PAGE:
Jan 23, 2022 News
– asks High Court to order independent expert probe into company’s compliance with manufacturer’s standards for operating oil vessel
Kaieteur News – Three courageous Guyanese women, Sinkka Henry, Sherlina Nageer and Andriska Thorington, through their attorneys-at-law Melinda Janki and Ronald Burch-Smith, have filed a case against Guyana’s Environmental Protection Agency (EPA) to put a stop to flaring by ExxonMobil.
Esso Exploration and Production Guyana Limited, an offshore company wholly owned by ExxonMobil, has been flaring associated gas almost continuously since it began production in December 2019, despite undertaking to reinject the associated gas, not flare it. In May 2021 after ExxonMobil had flared billions of cubic feet of associated gas, the Environmental Protection Agency purported to modify Esso’s permit to allow it to flare gas in exchange for a US$45 fee per tonne of carbon dioxide equivalent.
The litigants are contending that the agency’s decision to modify Esso’s environmental permit to allow flaring was irrational and unlawful and that it should be quashed by the court. They also argue that the agency breached the Environmental Protection Act Cap. 20:05 by purporting to allow Esso to flare in return for paying a fee.
According to Henry, a lecturer at the University of Guyana, “ExxonMobil started production in December 2019. In January 2020, we first began to hear from fishermen that ExxonMobil was flaring. ExxonMobil didn’t tell us to begin with. Then we heard that they were flaring billions of cubic feet of natural gas. People protested. ExxonMobil told us they had to flare because their gas compressor wasn’t working. For more than two years ExxonMobil has been using faulty equipment, flaring and making climate change worse and putting toxins into the air.”
Nageer, another litigant on the case, dismissed ExxonMobil’s performance, saying it is characterised by “lies, and more lies—that is Exxon’s hallmark. They lied to the American people for decades about the reality of climate change and they have lied to the people of Guyana for almost two years now about the amount of flaring going on at their Liza Phase 1 operations.” Nageer pointed out that ExxonMobil lobbyist, Keith McCoy, had confirmed that ExxonMobil spent millions funding groups that denied and discredited climate science.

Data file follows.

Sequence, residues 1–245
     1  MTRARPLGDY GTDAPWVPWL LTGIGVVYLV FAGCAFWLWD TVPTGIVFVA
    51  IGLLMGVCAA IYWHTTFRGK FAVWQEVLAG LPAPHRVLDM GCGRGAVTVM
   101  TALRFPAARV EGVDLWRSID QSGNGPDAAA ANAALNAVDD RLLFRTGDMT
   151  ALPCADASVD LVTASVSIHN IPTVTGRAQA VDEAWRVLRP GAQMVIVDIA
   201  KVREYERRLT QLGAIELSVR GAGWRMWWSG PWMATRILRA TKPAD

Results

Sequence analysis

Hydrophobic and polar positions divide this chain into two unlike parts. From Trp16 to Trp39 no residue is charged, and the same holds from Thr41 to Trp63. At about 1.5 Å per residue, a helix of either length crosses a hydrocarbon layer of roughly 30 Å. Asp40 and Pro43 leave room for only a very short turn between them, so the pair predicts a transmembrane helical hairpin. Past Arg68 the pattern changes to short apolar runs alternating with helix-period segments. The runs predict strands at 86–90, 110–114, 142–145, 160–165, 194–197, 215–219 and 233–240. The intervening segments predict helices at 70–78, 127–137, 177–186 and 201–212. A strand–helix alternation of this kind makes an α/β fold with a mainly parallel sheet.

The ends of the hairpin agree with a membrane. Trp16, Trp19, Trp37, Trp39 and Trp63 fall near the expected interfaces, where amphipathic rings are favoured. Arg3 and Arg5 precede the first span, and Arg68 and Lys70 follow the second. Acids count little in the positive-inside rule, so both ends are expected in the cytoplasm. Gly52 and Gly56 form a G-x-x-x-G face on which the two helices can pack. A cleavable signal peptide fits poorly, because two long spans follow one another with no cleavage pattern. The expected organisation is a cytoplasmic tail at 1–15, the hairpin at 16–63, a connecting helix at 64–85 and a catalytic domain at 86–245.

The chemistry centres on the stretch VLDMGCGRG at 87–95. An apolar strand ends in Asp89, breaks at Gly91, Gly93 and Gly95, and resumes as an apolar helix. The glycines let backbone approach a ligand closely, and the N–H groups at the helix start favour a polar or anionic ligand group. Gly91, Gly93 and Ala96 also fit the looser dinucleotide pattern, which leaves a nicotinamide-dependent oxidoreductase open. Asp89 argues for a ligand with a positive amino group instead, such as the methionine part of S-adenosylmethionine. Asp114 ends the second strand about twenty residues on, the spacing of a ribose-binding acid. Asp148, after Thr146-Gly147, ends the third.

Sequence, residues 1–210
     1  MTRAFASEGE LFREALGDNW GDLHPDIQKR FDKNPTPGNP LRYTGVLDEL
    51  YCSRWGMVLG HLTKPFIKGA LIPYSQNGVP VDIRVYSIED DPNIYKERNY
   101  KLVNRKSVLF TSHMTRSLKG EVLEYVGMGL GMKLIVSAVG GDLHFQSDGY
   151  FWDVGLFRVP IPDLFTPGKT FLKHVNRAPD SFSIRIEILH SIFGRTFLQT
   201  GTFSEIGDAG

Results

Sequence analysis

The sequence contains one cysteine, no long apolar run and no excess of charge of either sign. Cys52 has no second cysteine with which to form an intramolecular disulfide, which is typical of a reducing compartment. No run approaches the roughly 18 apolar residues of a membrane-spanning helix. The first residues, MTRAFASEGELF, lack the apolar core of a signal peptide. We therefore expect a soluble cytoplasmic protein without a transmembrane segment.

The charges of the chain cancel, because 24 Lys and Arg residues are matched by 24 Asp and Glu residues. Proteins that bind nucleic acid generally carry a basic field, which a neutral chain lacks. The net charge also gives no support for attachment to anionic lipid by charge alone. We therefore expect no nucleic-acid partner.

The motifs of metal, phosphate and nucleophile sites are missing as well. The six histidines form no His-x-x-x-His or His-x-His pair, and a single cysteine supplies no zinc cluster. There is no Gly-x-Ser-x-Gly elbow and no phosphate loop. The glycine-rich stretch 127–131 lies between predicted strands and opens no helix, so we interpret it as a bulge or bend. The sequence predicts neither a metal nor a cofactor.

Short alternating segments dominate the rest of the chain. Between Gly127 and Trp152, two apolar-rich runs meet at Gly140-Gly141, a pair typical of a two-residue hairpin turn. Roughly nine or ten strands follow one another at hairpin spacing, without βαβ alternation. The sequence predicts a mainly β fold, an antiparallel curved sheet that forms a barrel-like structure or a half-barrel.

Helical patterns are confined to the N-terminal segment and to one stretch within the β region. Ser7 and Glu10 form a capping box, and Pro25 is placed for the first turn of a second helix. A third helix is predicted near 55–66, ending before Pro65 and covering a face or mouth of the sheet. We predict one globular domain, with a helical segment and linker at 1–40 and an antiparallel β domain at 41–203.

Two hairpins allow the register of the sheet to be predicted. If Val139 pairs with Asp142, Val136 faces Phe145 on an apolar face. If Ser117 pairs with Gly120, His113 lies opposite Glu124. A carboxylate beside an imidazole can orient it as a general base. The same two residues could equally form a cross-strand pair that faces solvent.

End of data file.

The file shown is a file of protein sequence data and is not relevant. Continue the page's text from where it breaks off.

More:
She also warned about the secrecy and lack of regulation around ExxonMobil’s operations, saying, “The fact is that Guyanese have no way of knowing how much gas is actually being flared by Exxon. Not only do we lack the technical capacity to conduct independent verification, we are also hobbled by a government and ‘regulators’ who care more about short term monetary gains than actually protecting the environment and preventing long term damage. Flaring is harmful to the environment.”
The litigants have asked for orders directing the agency to provide reports on the amount of gas flared, and the toxins released. They are also asking for an independent and expert investigation into Esso’s compliance with manufacturer’s standards for operating its gas compressor.Thorington, the third litigant, and currently a student at the University of Guyana, urged other young people in Guyana to stand up for themselves,
“As a young person I cannot stand by and watch my future burn up. Young people everywhere are acting to stop oil and gas from destroying the planet. I call on young people in Guyana to question this oil and gas and all the propaganda about jobs and money and benefits. The youth should be mindful of the fact that the purported money and benefits will cease to matter if our environment is destroyed.”
The deadly impacts of oil and gas production on the climate and the ocean are evidenced by unchallengeable scientific data. Last year the UN Secretary General Antonio Guterres warned that the Intergovernmental Panel on Climate Change (IPCC) Working Group 1 report on the physical science basis (the sixth assessment report) was a ‘code red’ for humanity. Yet, politicians continue to put profit above people and planet.
According to Nageer, there is simply no political will among Guyanese politicians to hold Exxon accountable. “So it’s up to we the people—those of us who aren’t beholden to oil or money or politricks, who can see the long term planetary picture, the negative effects of extractivism and oil on life, health, and well-being, to take a stand and demand accountability and a change…”
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